What is a sheet music licence agreement? 

A print licence is an agreement between a music user and an owner of a copyrighted composition. It grants permission to use someone else’s work in print.  You need a print licence, also known as a sheet music licence, whenever you rearrange, print or display sheet music, notes or the lyric. 

A print licence is required no matter how small the portion of the song used is. The only exception would be songs in the public domain or the songs you write yourself. Copyright will prevent you from copying the work, distributing copies, performing, playing in public, making adaptions or amendments to the work or making it available through the internet. 

Print licensing can be a challenge because, by law, print rights holders maintain total control of the print use of their work. This means they can set any fee, take their time to ponder the proposition or reject it outright. 

Most education authorities have already bought a Schools Printed Music Licence. Therefore, you can make copies and arrangements for the school choir or music lessons with no issues. If you’re copying an anthology be aware, you can only make copies of 10% of it. 

Do I need a music licence to DJ?

Producers or DJ’s making mixes have to be careful about what they use in their tracks and where it’s distributed. When sampling or using the work of others it’s important they have the permission to do so. When a DJ plays live at a venue, the club or venue will have paid a licence fee that allows them to play songs, this will cover a DJ set.

Playing a live set doesn’t breach copyright laws and doesn’t require a music licence, recording it in either video or audio format can still be a breach. Mixcloud and SoundCloud are allowed to hold DJ sets but YouTube is still a grey area, especially if you wish to monetise the content.  

How can I avoid paying music licence agreements? 

Many small businesses and up-and-coming artists can’t afford to pay the large licensing fees. The solution is to use public domain music. You only have to pay fees for compositions written after 1922. Anything prior has fallen into the public domain. For information on what music is in the public domain, check out 

Music publishers and licensing organisations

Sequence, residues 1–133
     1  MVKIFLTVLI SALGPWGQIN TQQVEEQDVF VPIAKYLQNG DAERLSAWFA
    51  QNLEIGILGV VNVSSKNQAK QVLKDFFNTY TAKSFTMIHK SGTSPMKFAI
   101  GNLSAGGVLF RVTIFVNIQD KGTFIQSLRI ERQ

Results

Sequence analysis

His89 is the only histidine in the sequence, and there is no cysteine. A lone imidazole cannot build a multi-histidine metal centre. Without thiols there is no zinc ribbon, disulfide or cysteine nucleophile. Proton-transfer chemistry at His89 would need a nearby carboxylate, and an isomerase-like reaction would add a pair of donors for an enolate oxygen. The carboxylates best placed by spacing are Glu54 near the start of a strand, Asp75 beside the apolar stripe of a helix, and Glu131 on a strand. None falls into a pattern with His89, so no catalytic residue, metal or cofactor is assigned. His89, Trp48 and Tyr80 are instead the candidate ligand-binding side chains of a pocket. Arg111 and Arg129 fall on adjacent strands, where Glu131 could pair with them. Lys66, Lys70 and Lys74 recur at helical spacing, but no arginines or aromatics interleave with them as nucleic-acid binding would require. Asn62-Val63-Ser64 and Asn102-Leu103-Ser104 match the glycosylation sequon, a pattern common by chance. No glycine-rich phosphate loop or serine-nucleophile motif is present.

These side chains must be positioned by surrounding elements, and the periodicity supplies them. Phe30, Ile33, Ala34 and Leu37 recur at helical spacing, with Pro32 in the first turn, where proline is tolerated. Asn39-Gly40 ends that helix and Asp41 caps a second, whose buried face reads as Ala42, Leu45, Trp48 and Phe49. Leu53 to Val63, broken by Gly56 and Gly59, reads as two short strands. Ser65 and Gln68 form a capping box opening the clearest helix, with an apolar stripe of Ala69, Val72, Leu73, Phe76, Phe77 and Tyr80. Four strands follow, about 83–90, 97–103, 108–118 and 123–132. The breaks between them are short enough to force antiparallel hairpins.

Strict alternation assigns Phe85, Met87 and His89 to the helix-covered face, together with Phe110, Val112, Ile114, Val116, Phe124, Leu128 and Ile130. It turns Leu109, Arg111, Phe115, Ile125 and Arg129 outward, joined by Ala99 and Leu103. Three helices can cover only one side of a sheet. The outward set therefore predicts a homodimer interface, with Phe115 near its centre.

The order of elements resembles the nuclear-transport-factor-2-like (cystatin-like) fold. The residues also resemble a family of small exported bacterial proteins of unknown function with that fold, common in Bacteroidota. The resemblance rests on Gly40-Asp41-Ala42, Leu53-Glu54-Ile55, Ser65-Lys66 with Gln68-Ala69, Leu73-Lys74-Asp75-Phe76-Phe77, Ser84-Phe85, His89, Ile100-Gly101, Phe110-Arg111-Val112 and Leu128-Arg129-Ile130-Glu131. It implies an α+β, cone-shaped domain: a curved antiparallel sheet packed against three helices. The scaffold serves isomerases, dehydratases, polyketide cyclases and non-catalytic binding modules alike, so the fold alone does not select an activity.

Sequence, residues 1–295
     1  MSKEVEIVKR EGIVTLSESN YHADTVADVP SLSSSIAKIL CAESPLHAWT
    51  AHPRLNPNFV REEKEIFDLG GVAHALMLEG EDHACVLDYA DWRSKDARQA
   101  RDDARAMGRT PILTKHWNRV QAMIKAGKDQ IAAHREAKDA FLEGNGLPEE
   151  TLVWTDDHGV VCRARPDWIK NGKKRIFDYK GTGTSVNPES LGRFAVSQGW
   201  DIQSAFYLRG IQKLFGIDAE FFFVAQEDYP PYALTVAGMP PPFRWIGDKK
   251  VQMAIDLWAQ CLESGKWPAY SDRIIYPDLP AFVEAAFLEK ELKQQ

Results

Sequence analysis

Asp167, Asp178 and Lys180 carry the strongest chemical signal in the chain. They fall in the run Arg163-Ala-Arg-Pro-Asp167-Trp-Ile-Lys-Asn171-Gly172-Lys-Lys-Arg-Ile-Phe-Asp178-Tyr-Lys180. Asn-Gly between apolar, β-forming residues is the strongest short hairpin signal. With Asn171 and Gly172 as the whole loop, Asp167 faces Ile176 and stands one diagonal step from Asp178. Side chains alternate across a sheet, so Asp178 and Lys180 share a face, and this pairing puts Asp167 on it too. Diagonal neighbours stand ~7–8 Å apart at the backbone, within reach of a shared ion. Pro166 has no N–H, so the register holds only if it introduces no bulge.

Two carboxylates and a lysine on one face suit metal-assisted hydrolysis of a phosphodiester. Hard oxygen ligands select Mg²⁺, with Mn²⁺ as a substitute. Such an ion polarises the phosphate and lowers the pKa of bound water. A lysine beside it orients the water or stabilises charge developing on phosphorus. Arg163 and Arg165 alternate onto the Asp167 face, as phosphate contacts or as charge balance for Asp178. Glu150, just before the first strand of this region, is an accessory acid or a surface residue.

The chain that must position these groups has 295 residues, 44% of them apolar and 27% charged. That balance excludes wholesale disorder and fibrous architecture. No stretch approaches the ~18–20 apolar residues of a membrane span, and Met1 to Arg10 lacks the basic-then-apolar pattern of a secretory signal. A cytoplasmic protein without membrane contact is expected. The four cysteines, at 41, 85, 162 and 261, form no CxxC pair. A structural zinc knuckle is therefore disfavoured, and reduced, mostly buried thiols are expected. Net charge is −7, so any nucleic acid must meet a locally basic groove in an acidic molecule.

• PRS for Music is the home of the Performing Right Society (PRS) and the Mechanical-Copyright Protection Society (MCPS). They pay royalties to their members when their work is performed, broadcast, streamed, downloaded or used in media.  
  • Music Publishers Association (MCPS) represents over 280 members ranging from leading music publishers to independents and start-ups. They champion and promote the value of publishing and operate two commercial licensing businesses.  
  • Soundreef is a collecting society which licence businesses to play its members music. Soundreef collects royalties for artists, record labels and publishers as well as managing European musical rights. 
  • CreaCollect grants licences in relation to live performances, online streaming and radio broadcasting 
  • Independent Music Publishers’ E-Licensing (IMPEL) is a collective music publisher who has appointed MCPS to license and administer the online mechanical rights in their Anglo-American repertoire on their behalf.  
  • Printed Music Licensing Ltd (PMLL) is who you approach if you are a school who wishes to copy any sheet music. 
  • Christian Copyright Licensing International (CCLI) is where you go if you wish to copy text from hymn books for use in worship. They also act as an agent for PRS regarding churches or worship music. 
  • Creative Commons is an American non-profit group dedicated to expanding the range of creative work that is legal to share.  
  • SESAC (Originally known as Society of European Stage Authors and Composers) is a performance-rights organisation in the United States. Businesses pay SESAC to obtain public performance rights. 
  • SOCAN (Also known as The Society of Composers, Authors and Music Publishers of Canada)is a Canadian performance rights organisation that represents more than 135,000 songwriters, composers and music publishers. 
  • Phonographic Performance Limited (PPL) is a UK music licensing company who licenses recorded music when it is broadcast on radio, TV and online.